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Post No.: 0133fairness

 

Furrywisepuppy says:

 

This post requires understanding what a ‘pie’ means in negotiation contexts, which has been explained in Post No.: 0124.

 

If one creditor is owed £300 and another creditor is owed £100, but the person in debt to these two creditors only has £300 to give – a ‘proportional division’ strategy would say that the first creditor should be paid £225 and the second paid £75 since the debt ratios are 3:1. This is what most people would intuitively think of as being ‘common sense’ and a ‘fair’ deal for the creditors.

 

But another, strongly arguably fairer, division strategy would be to use ‘the principle of the divided cloth’, which is based on a story from the Talmud and happens to employ the main pie-splitting strategy discussed in the aforementioned post. Here, the pie is the part that’s actually at stake or in dispute, and so it’s this that really needs to be split.

 

So with ‘the principle of the divided cloth’, one should give the first creditor £250 and the second creditor £50. This is because the first creditor should receive all of the conceded £200 portion (since the second creditor only lays claim to £100 of the £300) and so the pie that’s actually in dispute is thus the remaining £100, which should then be split 50:50 because no creditor has a greater claim than the other for that portion.

 

Fairness is a key principle in negotiations as well as in many other contexts. We all seek (the perception of) fairness, but this example shows how different people can have different conceptions of what is ‘fair’; and this is not just down to cultural differences but individual differences. The above example also shows that ‘common sense fairness’ can be inferior to arguably more logical conceptions of fairness.

 

Many of us find fairness means getting/giving an equal share of something, but there are many ways to reason how something can be fair. And what happens is that we rationalise the fairness rule that self-servingly suits our own motivations and situation – be it ‘first come, first served’, a random selection, weighing out who needs something the most, or whatever. As you can see, these different methods won’t always produce the same outcomes but they can all be considered ‘fair’. Therefore arguing based on fairness rules – although still very important – can still create stalemates because for all parties to feel a sense of fairness there must be a shared conception of fairness i.e. one side cannot simply dictate their own conception of fairness and expect the other side to accept it (whenever we feel a sense of unfairness then that’s exactly how the other party feels when we do the same to them).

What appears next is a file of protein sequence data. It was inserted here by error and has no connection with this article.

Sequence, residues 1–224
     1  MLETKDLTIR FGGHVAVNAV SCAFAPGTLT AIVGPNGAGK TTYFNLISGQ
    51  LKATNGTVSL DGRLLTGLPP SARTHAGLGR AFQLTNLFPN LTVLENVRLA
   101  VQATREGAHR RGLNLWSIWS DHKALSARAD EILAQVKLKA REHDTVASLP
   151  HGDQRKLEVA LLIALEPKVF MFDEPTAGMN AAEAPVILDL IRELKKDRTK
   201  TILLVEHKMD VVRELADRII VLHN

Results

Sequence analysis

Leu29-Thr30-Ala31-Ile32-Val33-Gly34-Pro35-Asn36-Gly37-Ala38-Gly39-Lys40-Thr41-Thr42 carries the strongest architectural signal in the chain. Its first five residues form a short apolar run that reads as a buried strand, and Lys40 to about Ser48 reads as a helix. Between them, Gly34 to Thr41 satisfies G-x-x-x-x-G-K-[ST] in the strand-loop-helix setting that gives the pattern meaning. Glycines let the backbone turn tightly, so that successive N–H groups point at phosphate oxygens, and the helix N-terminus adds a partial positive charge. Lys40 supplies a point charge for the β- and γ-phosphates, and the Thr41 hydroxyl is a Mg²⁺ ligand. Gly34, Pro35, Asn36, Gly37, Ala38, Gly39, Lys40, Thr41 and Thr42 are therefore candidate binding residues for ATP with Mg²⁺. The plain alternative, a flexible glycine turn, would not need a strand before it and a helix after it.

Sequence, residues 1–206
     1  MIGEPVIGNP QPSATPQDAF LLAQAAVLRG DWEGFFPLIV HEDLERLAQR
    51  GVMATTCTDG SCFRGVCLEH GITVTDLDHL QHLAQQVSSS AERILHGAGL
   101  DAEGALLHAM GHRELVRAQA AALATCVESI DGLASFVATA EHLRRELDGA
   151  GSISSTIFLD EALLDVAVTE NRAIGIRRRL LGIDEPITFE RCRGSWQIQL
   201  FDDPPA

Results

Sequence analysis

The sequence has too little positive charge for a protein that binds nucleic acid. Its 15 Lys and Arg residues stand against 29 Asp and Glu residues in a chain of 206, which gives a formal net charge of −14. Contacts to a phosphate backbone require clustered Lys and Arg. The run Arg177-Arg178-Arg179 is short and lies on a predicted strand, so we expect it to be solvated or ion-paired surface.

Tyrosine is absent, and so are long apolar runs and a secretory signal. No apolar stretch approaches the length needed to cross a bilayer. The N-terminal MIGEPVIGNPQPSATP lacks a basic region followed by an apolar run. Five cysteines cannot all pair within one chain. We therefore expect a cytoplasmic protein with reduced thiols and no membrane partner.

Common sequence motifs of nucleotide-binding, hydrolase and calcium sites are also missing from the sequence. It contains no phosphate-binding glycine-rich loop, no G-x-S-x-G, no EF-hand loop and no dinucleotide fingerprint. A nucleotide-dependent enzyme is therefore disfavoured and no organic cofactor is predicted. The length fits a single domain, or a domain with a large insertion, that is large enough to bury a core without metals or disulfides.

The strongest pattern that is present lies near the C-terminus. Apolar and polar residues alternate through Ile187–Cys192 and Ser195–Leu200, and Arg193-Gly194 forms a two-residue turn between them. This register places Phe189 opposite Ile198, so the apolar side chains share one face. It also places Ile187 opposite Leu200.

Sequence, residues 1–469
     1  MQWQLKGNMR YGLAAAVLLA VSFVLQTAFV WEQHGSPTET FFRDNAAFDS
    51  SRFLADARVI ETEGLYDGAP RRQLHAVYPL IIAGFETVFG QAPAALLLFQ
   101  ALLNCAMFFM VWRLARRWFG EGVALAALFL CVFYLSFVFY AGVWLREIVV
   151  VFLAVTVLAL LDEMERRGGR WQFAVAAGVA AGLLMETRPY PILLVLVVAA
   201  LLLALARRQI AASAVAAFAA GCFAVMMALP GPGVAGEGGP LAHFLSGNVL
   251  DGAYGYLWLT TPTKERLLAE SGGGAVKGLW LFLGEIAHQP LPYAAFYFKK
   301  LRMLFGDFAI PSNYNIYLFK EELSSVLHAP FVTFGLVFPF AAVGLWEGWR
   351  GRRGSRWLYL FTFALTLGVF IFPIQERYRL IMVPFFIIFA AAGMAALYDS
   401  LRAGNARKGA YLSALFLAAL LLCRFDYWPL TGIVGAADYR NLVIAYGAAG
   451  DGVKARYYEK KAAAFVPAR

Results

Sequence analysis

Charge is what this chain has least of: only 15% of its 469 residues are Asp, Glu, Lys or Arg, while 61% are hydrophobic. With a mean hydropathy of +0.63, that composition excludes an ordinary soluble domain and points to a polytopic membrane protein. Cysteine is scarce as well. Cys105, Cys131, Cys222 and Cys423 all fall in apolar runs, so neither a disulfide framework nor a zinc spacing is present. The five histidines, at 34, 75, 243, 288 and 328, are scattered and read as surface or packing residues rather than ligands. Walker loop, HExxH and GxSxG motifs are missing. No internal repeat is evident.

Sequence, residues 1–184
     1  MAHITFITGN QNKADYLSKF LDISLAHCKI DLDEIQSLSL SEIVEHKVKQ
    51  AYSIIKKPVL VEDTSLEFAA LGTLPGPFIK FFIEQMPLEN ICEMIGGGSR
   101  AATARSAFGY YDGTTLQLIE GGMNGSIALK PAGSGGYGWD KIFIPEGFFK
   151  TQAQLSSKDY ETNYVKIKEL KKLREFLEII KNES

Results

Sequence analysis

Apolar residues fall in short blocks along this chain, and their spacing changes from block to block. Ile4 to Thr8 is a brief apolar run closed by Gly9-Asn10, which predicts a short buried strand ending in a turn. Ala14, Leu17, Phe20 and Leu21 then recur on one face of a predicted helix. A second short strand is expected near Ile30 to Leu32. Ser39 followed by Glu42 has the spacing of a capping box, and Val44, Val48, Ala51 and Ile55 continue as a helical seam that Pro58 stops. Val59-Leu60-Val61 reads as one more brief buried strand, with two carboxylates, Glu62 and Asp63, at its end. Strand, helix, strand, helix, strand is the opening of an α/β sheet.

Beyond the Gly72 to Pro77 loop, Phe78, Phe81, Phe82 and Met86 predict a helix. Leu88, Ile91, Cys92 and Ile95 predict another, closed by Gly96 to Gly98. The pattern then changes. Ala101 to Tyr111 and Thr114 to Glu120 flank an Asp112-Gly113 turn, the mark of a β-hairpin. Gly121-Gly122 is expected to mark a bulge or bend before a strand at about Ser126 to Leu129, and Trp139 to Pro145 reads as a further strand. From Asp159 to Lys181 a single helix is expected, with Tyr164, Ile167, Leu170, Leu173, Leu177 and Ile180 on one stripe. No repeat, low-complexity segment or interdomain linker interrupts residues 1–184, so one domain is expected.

To increase trust and improve the perception of fairness – be transparent (provide meaningful visibility into your own objectives and interests. This doesn’t mean disclosing everything! Just enough for the other party to understand your position better), be honest (this doesn’t mean answering everything to the fullest detail. It means that if you do choose to disclose anything then be honest. Albeit it’s also deemed honest to voluntarily disclose anything pertinent to the situation too even if no one directly questioned it. Don’t misrepresent, and do allow them to be able to verify what you say), be kind (this doesn’t mean caving in but one can be firm yet understanding), and reciprocate (give then receive, receive then give, in relatively equal value. This is a fundamental rule in negotiation, such as in the exchange of information or concessions. In some situations, even if you give without allowing the other party a chance to reciprocate, this can create distrust i.e. one can be too kind here and arouse suspicion, whether they’re right or wrong to feel that way).

 

It’s a process that must be seen as legitimately fair. If the results are verifiable then the results will be deemed fair. If the negotiation process is perceived to be fair then the outcome will very likely be perceived to be fair too. (Hence even if someone did ‘undoubtedly’ commit a crime – they must still be afforded due legal process.)

 

Salespeople who prey on the perception of fairness tend to do well (e.g. exploiting the sense of reciprocation or obligation by giving a small gift away). People often seek the perception of fairness even more than (arguably rationally) seeking a position that’s better off than they were before. For example, people may hurt themselves in order to punish the perceived unfairness from another party – people’s desire for revenge can be so great that they’d even endure net costs to themselves to seek it (e.g. going through personal efforts and expenditure looking to kill someone just because they killed someone you loved, even though this won’t bring this person back to life and this action may even escalate violence in the community rather than deter it (so best leave it to law enforcement), or trade unionists going on strike and thus losing earnings if they think it’s necessary to advance their perception of fairness, although this strategy aims to be long-term rational even though it seems to be short-term irrational).

 

…So most people agree that fairness comes down to applying some fluffy form of equal treatment – but the equality of what? ‘Proportional division’ treats all units of currency equally but ‘the principle of the divided cloth’ and using the pie framework treats all people equally.

 

Of course, if the other party doesn’t know about this alternative way of dividing things up then use whichever strategy is to your own advantage and keep any strategy that’d work against you schtum!

 

Greater knowledge gives you an advantage over those who know less!

 

Woof!

 

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